Asynchronous Development and Sensory Integration Intervention in the Gifted and Talented Population

By Anne Cronin


Citation:  Reprinted with permission from the Davidson Institute for Talent Development


Parents of children who develop differently are under different pressures and have many difficult decisions to make. As the Internet makes information so accessible, families often find themselves in information overload when looking for resources for their child. Popular books like, The Out-of-Sync Child (Kranowitz, 1998) have informed families about sensory integration difficulties that might have never been referred to an occupational therapist. Families of children who are both highly gifted, and have some other exceptionality are increasingly looking toward sensory integration as a resource for their children. The special education literature abounds with documentation of the social and emotional consequences of having exceptional abilities and learning disabilities, when one or both of the conditions is unrecognized, can be pervasive and quite debilitating (Baum et al.,1991; Durden & Tangherlini, 1993).


These emotional and social consequences lead parents to search for new and different strategies to support their children. Many parents have asked me for additional information and resources discussing the use of sensory integration strategies, like those described by Kranowitz (1998), for gifted and twice exceptional children. There is no research or even case report information specifically addressing sensory integration and giftedness. For that reason this paper will provide and overview of sensory integration and current relevant literature, and discuss this in the context of existing literature about the characteristics of gifted children.


Sensory Integration is a theory of brain-behavior relationships originally proposed by A. Jean Ayres in the 1970’s (Bundy, Lane, and Murray, 2002). It has been an exciting idea and has led to much research and speculation in the past thirty years. Information and research about Sensory Integration Theory falls into three general categories:


1. Normal development and aspects of sensory integration in the typically developing child

2. Sensory integrative dysfunction

3. Sensory Integration interventions


In normal development, Sensory Integration theory explains why individuals behave in particular ways. Learning is believed to be “dependent on the ability to take in and process sensation from movement and environment and use it to plan and organize behavior” (Bundy, Lane, and Murray, 2002, p. 5). Because sensory integration cannot be directly observed, the theory has been dependent on research in neurobiology. Explanations of the neural basis for SI have changed dramatically from Ayres’ original speculations with increases in understanding of the nervous system. Ayres originally de-emphasized the role of cognition in development, hoping to tap underlying, subconscious neurobiological mechanisms. Current research demonstrates that the nervous system is more complex, and less of a hierarchy than once believed. This means that although there are subconscious neurobiological mechanisms, they cannot be isolated from thought and intention. I emphasize this point here, because parents seeking sensory integrative support for their gifted child should be sure that their therapist uses this more modern model. In my experience, gifted children do best when cognitively engaged.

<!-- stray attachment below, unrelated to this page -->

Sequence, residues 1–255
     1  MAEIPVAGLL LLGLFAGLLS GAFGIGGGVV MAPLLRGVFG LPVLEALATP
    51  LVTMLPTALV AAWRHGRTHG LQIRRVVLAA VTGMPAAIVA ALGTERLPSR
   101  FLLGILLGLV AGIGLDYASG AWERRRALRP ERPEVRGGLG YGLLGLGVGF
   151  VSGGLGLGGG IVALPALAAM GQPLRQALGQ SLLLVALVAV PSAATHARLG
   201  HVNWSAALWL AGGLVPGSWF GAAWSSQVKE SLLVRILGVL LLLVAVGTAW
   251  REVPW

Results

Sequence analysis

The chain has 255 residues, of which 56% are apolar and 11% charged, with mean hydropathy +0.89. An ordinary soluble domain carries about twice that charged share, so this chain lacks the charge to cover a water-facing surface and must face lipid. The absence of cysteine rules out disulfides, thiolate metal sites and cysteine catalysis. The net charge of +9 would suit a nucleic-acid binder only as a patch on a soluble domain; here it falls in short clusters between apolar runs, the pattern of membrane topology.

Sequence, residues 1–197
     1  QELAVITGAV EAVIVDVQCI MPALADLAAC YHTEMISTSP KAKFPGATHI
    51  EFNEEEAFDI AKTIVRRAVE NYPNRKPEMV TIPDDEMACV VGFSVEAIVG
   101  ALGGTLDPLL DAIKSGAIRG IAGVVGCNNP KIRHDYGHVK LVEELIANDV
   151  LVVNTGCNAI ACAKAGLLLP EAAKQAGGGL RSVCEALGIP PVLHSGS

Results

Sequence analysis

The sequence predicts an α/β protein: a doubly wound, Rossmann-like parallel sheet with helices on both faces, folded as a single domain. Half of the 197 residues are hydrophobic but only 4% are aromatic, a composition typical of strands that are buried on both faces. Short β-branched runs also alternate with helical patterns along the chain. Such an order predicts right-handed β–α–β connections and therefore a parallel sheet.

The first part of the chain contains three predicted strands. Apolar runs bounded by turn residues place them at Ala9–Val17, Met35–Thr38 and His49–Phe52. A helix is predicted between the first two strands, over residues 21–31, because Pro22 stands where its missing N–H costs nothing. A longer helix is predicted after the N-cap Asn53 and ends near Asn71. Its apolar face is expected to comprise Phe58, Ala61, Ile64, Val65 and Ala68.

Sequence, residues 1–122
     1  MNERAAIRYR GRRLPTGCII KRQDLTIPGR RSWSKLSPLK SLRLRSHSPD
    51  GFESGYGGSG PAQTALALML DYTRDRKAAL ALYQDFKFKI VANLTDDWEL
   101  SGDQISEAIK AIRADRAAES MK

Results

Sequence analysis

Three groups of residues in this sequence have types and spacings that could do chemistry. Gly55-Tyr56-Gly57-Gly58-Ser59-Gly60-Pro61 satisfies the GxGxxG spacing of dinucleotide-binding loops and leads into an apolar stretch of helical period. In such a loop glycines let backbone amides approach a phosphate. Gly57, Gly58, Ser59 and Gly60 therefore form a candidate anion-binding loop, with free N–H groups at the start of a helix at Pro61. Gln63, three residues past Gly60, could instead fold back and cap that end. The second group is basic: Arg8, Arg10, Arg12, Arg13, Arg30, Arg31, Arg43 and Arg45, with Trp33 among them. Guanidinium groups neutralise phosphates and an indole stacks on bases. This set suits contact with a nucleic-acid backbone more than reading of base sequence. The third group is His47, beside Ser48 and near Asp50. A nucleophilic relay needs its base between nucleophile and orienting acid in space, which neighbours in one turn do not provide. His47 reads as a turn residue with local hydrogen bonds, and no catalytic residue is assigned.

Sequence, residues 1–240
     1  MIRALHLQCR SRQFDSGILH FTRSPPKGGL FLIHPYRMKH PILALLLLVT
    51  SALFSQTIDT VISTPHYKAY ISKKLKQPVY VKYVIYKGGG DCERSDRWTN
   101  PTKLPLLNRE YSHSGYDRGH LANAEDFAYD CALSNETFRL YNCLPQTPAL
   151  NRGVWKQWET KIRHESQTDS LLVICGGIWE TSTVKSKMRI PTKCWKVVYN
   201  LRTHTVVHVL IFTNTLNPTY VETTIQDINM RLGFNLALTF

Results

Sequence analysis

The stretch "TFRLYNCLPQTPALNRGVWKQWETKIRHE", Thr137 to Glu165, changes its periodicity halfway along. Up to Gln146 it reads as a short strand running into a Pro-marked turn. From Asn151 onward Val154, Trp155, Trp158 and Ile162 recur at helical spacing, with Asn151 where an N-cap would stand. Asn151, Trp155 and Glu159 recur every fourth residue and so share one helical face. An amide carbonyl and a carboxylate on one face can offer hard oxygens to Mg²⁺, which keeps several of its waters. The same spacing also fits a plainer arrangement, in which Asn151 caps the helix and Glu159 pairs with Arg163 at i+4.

The following diagram is adapted from (Bundy, Lane, and Murray, 2002, p. 7) to present an overview of Sensory Integration theory in the context of development.

In this conception, sensory integration, in typical development, supports the development of posture and fine discrimination of environmental demands based on sensory cues. Normally it also is reflected in an “inner drive” toward exploration, engagement, participation and confidence in interactions with both the human and non-human world.


Sensory Integration Dysfunction, then, is when a decreased ability to process sensation results in difficulty participating in daily functional contexts and interferes with learning and behavior. The research suggests that there are two general types of sensory integrative dysfunctions, dyspraxia and poor modulation. Dyspraxia relates to deficits in the behavioral expressions side of the diagram above. Children who are dyspraxic are often described as clumsy, and may have difficulties with handwriting. These are children who join teams and may “clown” rather than build skills, because the clowning draws attention from their deficits. The literature describes many of these problems common to populations of children with learning disabilities and attention deficits. Gifted children with these additional exceptionalities should, in theory, respond in a manner consistent with other children treated for dyspraxia. The research on the impact of sensory integration interventions for dyspraxia is mixed, but generally positive. I have attached some current research citations to this paper for further exploration.